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US Energy and the Dodd-Frank Act

By Dr Sam Van Vactor, a former US Treasury economist and President of Economic Insight, Inc

August 10 - US energy markets face a new regulatory framework arising from the failings of the financial sector. Trading costs will rise, threatening liquidity.

However, many key elements of the Wall Street Transparency and Accountability Act have been passed on to regulators. Their true nature will emerge only with time.

The Act does little to streamline oversight activities, while the biggest problem may prove to be 'regulatory creep'.

The House of Representatives quickly approved the legislation, but it stalled in the Senate where a super-majority is required to avoid filibuster.

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After considerable maneuvering, the bill passed on July 15 as the Wall Street Transparency and Accountability Act of 2010, requiring only the signature of President Barack Obama to become law.

Many superlatives have been used to describe the Act – historic, all encompassing, groundbreaking, etc., but it is far too early to judge its long-term impact.

This is because many, if not most, of the key elements have been delegated to regulators to work out over the next year. The Act only provides an outline.

The US Chamber of Commerce counts over 350 rules and regulations plus dozens of studies that regulators will be required to craft.

Like so many policy decisions taken in response to the 2008 financial crisis: "the can has been kicked down the road." Now the real lobbying can begin.

Treasury on top

For the energy sector, the Commodity Futures Trading Commission will make the key decisions. Its authority expands to include the market for Over-The-Counter swap trading, which until now has been largely unregulated.

However, from another perspective, the independence of the CFTC and other Commissions has been constrained.

The CFTC, along with nine other agencies and financial regulatory bodies, will form the body of a newly created Financial Stability Oversight Council. The Secretary of the Treasury chairs the Council.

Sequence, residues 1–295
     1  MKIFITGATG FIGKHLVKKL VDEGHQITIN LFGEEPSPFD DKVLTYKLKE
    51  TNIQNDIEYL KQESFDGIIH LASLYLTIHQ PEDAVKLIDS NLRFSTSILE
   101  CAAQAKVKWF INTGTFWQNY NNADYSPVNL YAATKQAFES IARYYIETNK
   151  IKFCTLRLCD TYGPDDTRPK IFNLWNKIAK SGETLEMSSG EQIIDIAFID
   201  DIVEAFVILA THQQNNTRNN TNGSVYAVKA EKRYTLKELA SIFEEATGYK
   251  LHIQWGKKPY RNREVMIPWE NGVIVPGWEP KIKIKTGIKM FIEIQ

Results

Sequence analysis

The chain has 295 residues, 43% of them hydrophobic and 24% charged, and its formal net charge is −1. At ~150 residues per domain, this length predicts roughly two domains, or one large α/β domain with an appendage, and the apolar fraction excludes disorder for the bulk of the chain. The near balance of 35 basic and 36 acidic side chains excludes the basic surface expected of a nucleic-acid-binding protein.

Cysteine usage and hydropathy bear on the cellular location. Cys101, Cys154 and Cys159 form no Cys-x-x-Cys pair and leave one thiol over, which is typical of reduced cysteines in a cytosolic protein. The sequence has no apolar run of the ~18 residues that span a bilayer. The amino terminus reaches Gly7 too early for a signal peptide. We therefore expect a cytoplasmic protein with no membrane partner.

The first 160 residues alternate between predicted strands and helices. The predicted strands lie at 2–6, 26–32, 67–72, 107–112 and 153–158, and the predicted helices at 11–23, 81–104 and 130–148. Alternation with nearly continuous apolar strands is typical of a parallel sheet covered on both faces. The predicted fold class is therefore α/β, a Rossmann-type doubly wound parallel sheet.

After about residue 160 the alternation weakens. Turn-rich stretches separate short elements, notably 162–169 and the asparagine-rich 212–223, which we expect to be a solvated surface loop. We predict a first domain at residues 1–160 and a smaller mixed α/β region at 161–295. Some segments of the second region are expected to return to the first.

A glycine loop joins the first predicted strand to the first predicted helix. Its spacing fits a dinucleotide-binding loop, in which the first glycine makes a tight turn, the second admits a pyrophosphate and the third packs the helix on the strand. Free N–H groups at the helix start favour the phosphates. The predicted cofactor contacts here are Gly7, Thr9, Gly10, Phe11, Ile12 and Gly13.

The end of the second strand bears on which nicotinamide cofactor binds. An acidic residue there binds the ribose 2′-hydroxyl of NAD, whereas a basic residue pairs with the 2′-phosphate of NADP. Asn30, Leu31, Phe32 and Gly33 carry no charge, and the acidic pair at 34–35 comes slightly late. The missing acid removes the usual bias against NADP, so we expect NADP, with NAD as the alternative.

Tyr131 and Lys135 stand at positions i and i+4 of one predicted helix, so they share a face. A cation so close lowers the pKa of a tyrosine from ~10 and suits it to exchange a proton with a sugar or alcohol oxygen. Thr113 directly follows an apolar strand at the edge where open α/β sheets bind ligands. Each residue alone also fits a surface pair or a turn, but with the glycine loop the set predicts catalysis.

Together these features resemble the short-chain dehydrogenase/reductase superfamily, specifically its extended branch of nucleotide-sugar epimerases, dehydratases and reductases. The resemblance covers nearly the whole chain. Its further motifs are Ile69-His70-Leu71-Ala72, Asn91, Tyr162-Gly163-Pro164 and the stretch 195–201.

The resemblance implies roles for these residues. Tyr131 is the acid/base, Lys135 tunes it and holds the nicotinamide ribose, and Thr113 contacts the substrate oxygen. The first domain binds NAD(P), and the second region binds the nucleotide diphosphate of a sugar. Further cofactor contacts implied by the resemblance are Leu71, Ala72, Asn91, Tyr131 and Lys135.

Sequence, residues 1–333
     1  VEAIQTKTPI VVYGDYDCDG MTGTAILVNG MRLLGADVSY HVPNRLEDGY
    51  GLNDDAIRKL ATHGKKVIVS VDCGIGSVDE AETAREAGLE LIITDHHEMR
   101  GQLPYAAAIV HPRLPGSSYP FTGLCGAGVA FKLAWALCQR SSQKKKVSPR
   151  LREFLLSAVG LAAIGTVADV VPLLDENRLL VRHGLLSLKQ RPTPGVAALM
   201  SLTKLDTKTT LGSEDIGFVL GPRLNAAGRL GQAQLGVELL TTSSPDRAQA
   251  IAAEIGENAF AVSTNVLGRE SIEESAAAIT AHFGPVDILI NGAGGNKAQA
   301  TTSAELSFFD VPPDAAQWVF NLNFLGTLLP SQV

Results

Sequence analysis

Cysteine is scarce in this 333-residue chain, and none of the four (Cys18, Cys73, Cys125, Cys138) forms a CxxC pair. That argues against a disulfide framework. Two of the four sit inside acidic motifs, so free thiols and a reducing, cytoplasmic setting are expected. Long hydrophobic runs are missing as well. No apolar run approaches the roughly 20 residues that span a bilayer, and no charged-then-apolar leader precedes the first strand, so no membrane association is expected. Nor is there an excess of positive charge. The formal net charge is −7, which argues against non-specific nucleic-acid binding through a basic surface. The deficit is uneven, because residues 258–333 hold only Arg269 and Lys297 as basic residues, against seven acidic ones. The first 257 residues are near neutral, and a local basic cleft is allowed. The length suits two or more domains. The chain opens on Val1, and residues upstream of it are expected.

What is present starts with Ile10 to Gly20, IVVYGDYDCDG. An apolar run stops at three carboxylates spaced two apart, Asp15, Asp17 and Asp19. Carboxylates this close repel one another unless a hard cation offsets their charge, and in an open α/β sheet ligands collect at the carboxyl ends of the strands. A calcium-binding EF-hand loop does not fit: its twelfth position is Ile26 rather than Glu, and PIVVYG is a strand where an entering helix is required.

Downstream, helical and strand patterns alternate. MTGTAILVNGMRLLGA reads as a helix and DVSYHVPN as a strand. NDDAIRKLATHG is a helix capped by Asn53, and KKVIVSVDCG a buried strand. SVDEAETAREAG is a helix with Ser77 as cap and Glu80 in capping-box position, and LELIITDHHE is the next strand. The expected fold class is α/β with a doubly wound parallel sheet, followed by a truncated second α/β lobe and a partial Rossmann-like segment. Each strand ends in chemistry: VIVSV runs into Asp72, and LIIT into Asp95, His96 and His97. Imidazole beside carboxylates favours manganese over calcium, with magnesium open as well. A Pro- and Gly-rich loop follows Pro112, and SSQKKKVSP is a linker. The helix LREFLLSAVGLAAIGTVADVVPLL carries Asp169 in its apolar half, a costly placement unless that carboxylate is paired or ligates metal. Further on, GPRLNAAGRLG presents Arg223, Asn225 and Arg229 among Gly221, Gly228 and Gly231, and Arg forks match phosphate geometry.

To support the Council's work the Act establishes an Office of Financial Research at the Treasury.

According to the House's press release, the Office will "be staffed with a highly sophisticated staff of economists, accountants, lawyers, former supervisors, and other specialists to support the council's work by collecting financial data and conducting economic analysis."

For those not familiar with the bureaucratic vernacular, this means that the Treasury Department is more or less going to run the show.

A number of federal regulatory agencies -- particularly the Securities and Exchange Commission -- were criticized during the financial crisis for inadequate oversight and insufficient interagency coordination.

For a time, Congress considered merging the SEC and the CFTC, or setting up completely new regulatory bodies.

The FSOC may be a reasonable resolution of the obvious difficulties surrounding either of these alternatives; it remains to be seen.

The Act also mandates much closer direct coordination between the CFTC and the SEC.

Indeed, much of the Act's language provides parallel directions to the two Commissions, and it orders them to prepare a joint memorandum of understanding on jurisdiction.

Clarity may be difficult to come by, since the line between securities and commodities has blurred and promises to become even fuzzier.

This obfuscation is further compounded by the plethora of electronic exchanges, "dark pools," bulletin boards, hedge funds, high-frequency traders, and related computer systems that have grown up around the OTC market.

Attempts to rationalize regulation broadly through all markets will be a major challenge.

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